If you're going to Intarsia School, you're going to need crayons, er, yarn

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  • When I first read Painterly I went “eek! Intarsia”. I didn’t know the word existed, but now that Jen Arnold-Culliford created it I have definitely been in the intarsia-no camp forever. So I knew it was inevitable we would have a fairy godmother sprinkle some fairy dust – and Jen, thanks to your lovely little Intro I can be nudged into the intarsi-yes camp.

    • Wonderful video. Would Jen be able to explain how to add in a new color yarn not used before and not leave a hole?

      • I bet Jen will have an idea here but in my experience the only way to get rid of that hole is when you weave in the end—and that closes it up perfectly. So this doesn’t trouble me any more.

      • There are a few possible ways to avoid that hole… First would be to attach the yarn in some way to the knitted fabric – either by weaving in the end before you start to work with it, or by knitting the end in. I don’t think that this is the best solution since you are then joining the yarn in behind a different colour yarn, and this can lead to the different colour peeping through. Alternatively you could do a felted join so that the old colour yarn joins seamlessly to the new colour yarn – but that also wouldn’t work here, since you need to leave the old colour yarn to use on subsequent rows. I’ve got a video to come where you’ll see how I join in the new yarn, leaving a tail to weave in later, and I hope you’ll find that helpful.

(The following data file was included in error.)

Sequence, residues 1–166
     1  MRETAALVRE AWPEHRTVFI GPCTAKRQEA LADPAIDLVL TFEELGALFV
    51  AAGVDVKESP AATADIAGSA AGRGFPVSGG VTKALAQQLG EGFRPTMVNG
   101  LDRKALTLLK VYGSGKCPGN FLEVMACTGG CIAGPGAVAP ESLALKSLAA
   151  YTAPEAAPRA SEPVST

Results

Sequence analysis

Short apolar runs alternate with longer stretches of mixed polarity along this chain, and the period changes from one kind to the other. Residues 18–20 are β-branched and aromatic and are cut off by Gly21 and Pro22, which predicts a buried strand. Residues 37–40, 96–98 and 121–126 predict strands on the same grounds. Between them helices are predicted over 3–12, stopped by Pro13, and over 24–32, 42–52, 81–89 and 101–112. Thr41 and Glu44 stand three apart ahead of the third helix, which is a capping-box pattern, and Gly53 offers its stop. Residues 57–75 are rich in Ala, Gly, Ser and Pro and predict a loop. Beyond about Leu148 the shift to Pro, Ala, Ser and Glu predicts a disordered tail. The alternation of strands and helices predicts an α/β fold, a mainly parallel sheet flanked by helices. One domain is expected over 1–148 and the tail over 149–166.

• Thank you Kay and Jen for your answers. I look forward to your next video.

        • Thanks. I am eager to learn how to start a new color without a hole, and am struggling with this on Kaffe’s zig zag shawl. Looking forward to the new video.

  • Fabulous post and video. I’m ready to give intarsia a try.

    • I’ve always stayed away from patterns that mentioned fair isle and intarsia, but watching Jen made me think MAYBE I can do this. Thank you.

  • I don’t seem to have the icon on my account to save articles